By the EXACT SAME logic, it is being argued that breeding horses who bleed excessively contributes to genetic defects as well. Just as unsound horses should not be bred, excessive bleeders should not be bred.

    Surely you do not support running unsound horses on pain medication just so they can race better, and thereby increase breeding value, and thereby contribute to breed flaws. So why do you adamantly defend running horses who bleed on Lasix just so they can race better, breed, &c. See the parallels?

    Also, I like how you use one example – Havre de Grace – on which to say get a clue. That’s a weak argument , one suggesting you should take your own advice prior to derogatorily espousing it.

    And BTW, 5k claimers are sending the breed “down the crapper” and Lasix is helping! You want to save the breed? Get rid of 5k claimers.

  • RayPaulick

    Stewart. I have opinions, and they are based on being closely involved with this industry for more than 30 years. I have heard all the arguments, have been a member of the American Association of Equine Practitioners board (as its non-veterinary member) and understand the point of view of the equine veterinarian very well, have close relationships with numerous trainers (most of whom believe race-day Lasix should continue, have read scientific papers on the subject of Lasix and other medications going back to the 1980s, have studied numerous public opinion surveys, attended veterinary, regulatory and industry conferences for decades, and probably talked to just about every industry leader on this issue. Perhaps we don’t agree on this.

    I think it is time for horsemen in the United States to show what a great country this is, how resourceful its people are, and prove to the rest of the world that we can race our Thoroughbreds without giving them a drug on the day of competition. I am not willing to admit that Hong Kong, or Japan, or South Korea, or Australia, or France, or England, or Germany, or Dubai have superior horsemanship to us. Horses play a role in this country’s history and growth that no other nation can claim.

  • We don’t agree but that is OK.  I was just pointing out that you had previously not stated a firm position and in fact have stated that you are not biased.

    I personally think a site that covers racing should not have a bias on a topic such as this because it tends to skew the coverage.  But that is just my opinion.

    I would add that I wish you had hands on ownership experience to aid in your overall analysis of the medication issue, especially when it comes to lasix.  And while I appreciate the fact you were a board member for the American Association of Equine Practitioners, for the life of me I will never understand how someone who has never even owned a horse finds himself in this position.

    Either way I appreciate your detailed response.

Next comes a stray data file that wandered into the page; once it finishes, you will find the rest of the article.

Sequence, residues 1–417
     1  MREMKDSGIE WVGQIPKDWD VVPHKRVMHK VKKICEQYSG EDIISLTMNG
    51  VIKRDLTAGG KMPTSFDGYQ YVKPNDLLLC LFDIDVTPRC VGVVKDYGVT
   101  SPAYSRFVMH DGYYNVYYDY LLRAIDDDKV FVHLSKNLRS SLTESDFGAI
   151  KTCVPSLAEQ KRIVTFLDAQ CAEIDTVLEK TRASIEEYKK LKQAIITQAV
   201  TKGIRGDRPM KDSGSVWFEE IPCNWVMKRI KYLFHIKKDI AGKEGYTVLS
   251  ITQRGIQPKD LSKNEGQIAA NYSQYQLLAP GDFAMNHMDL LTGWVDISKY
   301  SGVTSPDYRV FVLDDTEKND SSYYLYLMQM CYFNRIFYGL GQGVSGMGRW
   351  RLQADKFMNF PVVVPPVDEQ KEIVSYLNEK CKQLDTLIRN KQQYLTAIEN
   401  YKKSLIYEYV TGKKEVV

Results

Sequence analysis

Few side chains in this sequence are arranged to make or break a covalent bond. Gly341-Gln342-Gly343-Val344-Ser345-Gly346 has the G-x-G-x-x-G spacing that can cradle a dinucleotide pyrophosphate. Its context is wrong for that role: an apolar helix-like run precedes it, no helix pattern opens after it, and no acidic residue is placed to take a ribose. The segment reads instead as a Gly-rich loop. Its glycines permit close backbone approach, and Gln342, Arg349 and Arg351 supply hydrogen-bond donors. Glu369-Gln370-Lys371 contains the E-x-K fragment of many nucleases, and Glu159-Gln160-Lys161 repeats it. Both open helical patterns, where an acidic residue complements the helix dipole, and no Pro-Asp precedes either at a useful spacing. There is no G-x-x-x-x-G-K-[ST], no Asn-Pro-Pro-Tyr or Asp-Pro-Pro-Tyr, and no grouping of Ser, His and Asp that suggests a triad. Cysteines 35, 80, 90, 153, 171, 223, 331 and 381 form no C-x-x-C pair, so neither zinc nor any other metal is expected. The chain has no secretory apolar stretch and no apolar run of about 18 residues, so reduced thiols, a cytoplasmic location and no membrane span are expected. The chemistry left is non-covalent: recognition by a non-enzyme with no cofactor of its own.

• McGov

    I think all stated versions are correct, plus quite a few other modern day factors.  I believe it is the combination of suspect factors that have resulted in the current status.

  • McGov

    Very much true.

  • McGov

    I wonder in 25 years from now what I’ll think about Lasix.

  • Rachel

    Well, 25 years ago, I believed I’d live to see my 4th Triple Crown winner and that my Red Sox would win the World Series…well, one of those two hopes has come true, twice…yeah, go Red Sox.

  • Alex

     Having an opinion and being biased, especially being biased in objective media coverage, are worlds apart.

  • Battlerbill

    As far my interpretations of Mr. Crist’s articles, I think I am spot on and I think Mr. Paulick was trying to be sensationalistic in comparing the two articles, but I don’t think that’s what you and a few others are disagreeing with me about. Personally, I let my actions speak for themselves, and if I had an opinion that a medication was detrimental to my horses, I would NEVER put them at risk to win any race, whether it be the Kentucky Derby or the Arc D’e Triomphe. 

    I think that the banning Lasix movement has the right intentions at heart, but their presumptions about the effects of Lasix are misguided and the notion that the rest of the world is drug-free (because they don’t have Lasix) is farcical.  Sheikh Mohammed, himself, got a positive test in an endurance riding competition. Patrick Biancone was caught on two other continents before he was suspended for a year, here in America.The lessening the breed argument has no merit, whatsoever. I will give you that Lasix does allow horses to run further distances, more effectively, so it has absolutely changed the breed, but that’s a big leap to say it’s weaker. Sires like Unbridled, A. P Indy and Sunday Silence all raced on Lasix and along with Danehill, they are undoubtedly the best sires in the world over the last 20 years . My gut feeling is that if one of these nameless medications proponents hadn’t sold the greatest sire of all-time to Japan, we may not even be having the argument, but that’s another issue.Besides a few veterinarians and an even lesser few rogue trainers, we all want better and fairer racing. I feel those opposed to Lasix would be better served to tackle the threshold issues of more potent drugs that are used for pre-races like clenbuterol, EPO, TCO-2 (milkshakes), banamine, and others that we know about and some others that we don’t. Eliminate threshold levels and you’ll see real changes. Incorporate that with stiffer penalties (and no trainer transfers to assistants or non-assistants for horses of suspended trainers) and you’ll see real some differences. Maybe, then, some of these owners would start giving their horses to different trainers, and we wouldn’t just have a handful of trainers getting all the good horses, and for the most part, break them down for the good of their barn, instead of what’s good for the horse and their development.If you just ban Lasix and Bute, it’s just more of the same. Trainers will start using even more pre-races and inject even more joints, and the difference between the haves and have-nots will grow even farther, and the general public will be just as disappointed.